This hashtag is the motto for the organization, stating that even a country with its own problems, such as cartel violence, corruption and inequality, can respond with international solidarity. Journalists, media personalities and regular people believe that Mexico can indeed receive Syrian refugees.

 

Flickr/CC/Arian Zwegers | Umayyad Mosque, Damascus
Flickr/CC/Arian Zwegers | Umayyad Mosque, Damascus
Flickr/CC/Antony Stanley | Zocalo, Mexico City
Flickr/CC/Antony Stanley | Zocalo, Mexico City

 

 

       

 

 

There has recently been more civil action, such as a  change.org petition requested the reception of an additional 10,000 refugees in the country, an initiative that was also backed by some deputies from the National Congress. The National Congress has also passed  an agreement that pressures the president to provide a political stance on the issue. Either way, the inspiring story of a young lawyer that extended his hand across the globe is a lesson to us all.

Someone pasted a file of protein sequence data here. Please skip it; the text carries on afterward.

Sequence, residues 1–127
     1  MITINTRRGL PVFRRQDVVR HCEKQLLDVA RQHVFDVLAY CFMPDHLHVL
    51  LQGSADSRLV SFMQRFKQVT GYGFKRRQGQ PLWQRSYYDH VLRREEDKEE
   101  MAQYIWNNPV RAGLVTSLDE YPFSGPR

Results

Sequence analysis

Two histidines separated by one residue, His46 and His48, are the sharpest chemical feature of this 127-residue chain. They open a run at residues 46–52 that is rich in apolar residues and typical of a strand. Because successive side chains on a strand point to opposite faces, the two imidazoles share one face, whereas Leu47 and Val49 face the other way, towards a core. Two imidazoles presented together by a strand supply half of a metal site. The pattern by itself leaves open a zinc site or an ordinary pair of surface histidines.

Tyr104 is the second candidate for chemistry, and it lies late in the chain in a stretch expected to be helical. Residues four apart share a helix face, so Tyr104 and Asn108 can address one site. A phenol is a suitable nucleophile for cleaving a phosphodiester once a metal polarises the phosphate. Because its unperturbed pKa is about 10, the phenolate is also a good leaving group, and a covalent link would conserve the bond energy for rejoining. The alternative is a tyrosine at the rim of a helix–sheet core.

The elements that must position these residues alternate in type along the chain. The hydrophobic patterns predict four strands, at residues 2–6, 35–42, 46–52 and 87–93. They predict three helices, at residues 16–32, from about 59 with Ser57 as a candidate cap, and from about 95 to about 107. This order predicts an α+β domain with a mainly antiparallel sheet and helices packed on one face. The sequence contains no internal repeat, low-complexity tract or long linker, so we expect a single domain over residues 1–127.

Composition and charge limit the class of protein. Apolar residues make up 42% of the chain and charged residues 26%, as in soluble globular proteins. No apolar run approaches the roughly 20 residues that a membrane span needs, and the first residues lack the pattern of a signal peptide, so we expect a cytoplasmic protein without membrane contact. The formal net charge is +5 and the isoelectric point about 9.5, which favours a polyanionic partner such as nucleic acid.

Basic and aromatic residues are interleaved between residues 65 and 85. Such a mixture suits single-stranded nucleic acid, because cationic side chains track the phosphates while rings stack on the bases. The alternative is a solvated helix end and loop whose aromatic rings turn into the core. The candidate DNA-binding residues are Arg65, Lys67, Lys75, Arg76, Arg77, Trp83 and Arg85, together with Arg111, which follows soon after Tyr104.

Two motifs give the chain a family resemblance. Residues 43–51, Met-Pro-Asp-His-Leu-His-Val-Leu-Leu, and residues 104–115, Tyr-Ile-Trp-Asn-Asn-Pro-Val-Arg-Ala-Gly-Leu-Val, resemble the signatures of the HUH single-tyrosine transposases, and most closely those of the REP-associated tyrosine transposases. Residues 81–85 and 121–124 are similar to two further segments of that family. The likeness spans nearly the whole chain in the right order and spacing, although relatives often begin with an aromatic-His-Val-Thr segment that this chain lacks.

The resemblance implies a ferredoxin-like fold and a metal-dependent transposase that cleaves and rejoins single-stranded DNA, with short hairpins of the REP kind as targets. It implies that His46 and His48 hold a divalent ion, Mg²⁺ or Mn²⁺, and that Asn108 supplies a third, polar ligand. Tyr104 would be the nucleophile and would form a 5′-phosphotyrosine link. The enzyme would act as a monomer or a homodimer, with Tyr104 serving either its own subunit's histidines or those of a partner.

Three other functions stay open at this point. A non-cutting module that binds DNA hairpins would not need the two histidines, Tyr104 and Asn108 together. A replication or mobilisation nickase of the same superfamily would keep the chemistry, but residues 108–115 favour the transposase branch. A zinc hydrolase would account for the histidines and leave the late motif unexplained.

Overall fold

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Flickr/CC/Alex Thomson

By Maria Bennici

 

Ever since the advent of popcorn slathered in butter and salt, movies and cinema have always seemed like a natural combination. Want to take that one step further and see movies about food? Check out this list of documentaries, which explore many sides of the agriculture and food industry in the United States.

Flickr/CC/Malcolm Carlaw
Flickr/CC/Malcolm Carlaw

 

Cafeteria Man: This 2011 documentary tells the story of revolutionizing the Baltimore public school food system and showcases how food provided to children needs to evolve into healthier options. The film’s website also features tips for improving school food in case you want to take action after viewing the movie.

 

Pressure Cooker: Released in 2008, this documentary focuses on three Philadelphia students, all of whom face significant challenges at home, who are enrolled in an intensive culinary arts course at the school, with the ultimate goal of competing at a cooking competition at the end of the year for college scholarships. You can take further action in helping underserved youth by heading to this website.